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Next page: Washington Park to Green-Wood Cemetery >

Washington Park to Green-Wood Cemetery

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Bound by 3rd Street, 5th Street, 4th Avenue, and 5th Avenue, Washington Park is home to handball and basketball courts, a baseball/soccer field, a killer playground, a farmer’s market, a skate park, and the Old Stone House, a reconstructed Dutch farmhouse from the 1600s that is now a museum and event space. Washington Park was also home to Brooklyn’s first baseball team, the Atlantics, who played here from 1879 to 1889. After a fire destroyed their park, they had to move…and renamed themselves the Dodgers. Not a bad place to start your kid playing tee ball.

Across the street is neighborhood stalwart, The Gate, a bar with ample streetside outdoor seating, perfect for sipping and people-watching in warmer weather. (Dog-watching, too. They are quite dog-friendly.)

Speaking of warmer days, how about some ice cream? L’Albero dei Gelati (the tree of ice creams?), a Slow Food-approved café and gelato shop offering flavors both classic and offbeat, like bell pepper sorbet and blue cheese gelato.

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Past Washington Park you enter into South Slope, which has a lower quotient of cute boutiques, but makes up for it with great bars and lots of backyard options. Sea WitchQuarterbarBackyardButtermilk BarDram Shop and, of course Freddy’s — a beloved Prospect Heights institution that was displaced by Barclays Center, and relocated to the South Slope — all live along this stretch.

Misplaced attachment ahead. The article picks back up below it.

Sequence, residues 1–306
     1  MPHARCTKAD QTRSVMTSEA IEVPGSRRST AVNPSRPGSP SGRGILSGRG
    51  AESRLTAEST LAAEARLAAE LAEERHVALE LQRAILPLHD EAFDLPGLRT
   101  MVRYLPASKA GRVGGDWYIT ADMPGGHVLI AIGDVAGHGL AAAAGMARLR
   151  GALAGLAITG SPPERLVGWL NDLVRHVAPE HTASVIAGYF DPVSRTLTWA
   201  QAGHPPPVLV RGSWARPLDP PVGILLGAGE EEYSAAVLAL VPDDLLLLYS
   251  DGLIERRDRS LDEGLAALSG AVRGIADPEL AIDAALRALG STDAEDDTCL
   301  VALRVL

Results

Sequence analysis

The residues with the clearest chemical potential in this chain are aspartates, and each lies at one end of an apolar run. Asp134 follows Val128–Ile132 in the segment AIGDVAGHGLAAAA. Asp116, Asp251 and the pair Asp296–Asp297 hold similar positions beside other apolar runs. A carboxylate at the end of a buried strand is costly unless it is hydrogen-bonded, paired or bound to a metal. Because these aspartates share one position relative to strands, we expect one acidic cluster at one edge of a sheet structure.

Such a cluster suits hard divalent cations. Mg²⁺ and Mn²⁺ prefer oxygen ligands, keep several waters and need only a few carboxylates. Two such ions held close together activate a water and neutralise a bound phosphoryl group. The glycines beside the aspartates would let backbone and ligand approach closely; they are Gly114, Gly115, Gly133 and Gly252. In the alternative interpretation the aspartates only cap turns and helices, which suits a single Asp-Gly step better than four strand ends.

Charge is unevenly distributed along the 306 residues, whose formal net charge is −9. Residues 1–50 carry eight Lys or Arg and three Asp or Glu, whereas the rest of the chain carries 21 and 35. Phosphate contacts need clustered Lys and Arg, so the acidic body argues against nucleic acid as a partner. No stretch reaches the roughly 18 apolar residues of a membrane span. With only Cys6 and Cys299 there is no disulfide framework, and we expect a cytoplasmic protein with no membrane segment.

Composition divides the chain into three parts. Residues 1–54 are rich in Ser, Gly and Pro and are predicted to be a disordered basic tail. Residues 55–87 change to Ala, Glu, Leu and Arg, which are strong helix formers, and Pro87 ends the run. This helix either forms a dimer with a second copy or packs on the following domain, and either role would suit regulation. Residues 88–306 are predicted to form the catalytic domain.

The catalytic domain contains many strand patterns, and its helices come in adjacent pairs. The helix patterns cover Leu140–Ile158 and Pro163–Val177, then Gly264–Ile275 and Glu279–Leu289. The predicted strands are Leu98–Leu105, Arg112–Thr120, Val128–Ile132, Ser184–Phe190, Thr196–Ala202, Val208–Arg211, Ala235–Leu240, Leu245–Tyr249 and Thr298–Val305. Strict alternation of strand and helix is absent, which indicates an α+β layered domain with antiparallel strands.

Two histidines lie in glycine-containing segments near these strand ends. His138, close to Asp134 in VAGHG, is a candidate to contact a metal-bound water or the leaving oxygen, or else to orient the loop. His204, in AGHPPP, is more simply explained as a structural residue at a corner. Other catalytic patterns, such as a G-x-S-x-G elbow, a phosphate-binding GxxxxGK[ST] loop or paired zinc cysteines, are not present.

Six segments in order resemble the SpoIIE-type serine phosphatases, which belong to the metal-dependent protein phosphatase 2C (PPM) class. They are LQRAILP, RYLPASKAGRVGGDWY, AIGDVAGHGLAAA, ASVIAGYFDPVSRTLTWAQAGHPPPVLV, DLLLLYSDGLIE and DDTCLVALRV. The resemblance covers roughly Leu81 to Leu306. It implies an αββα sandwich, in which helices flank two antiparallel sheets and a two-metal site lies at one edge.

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Brooklyn Superhero Supply Co., is author Dave Eggers’ non-profit that, like comic book superheroes, has a secret identity. On the surface it’s a storefront located on 5th and 5th, selling superhero supplies like secret identities and invisibility. Its real superpower, though, is helping kids develop their writing skills. In this store, what’s behind the mask is even more exciting.


A few blocks down, Neergaard Pharmacy is a reminder of what drugstores were like before chains ruled the market. It’s not just medicine, though. They stock pretty much every organic and natural skin care brand you can imagine, plus a huge selection of toys for kids and adult collectors alike.

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Despite Park Slope’s tony reputation, there’s some great thrift shopping to be had along 5th. One example is Vice Versa on 5th and 15th Street, where you can find a denim jacket in any size for shade for under $20. Not far away Flirt is not only a shop full of beautiful, girly clothes, but the home of a sewing class center, called, adorably, Home Ec.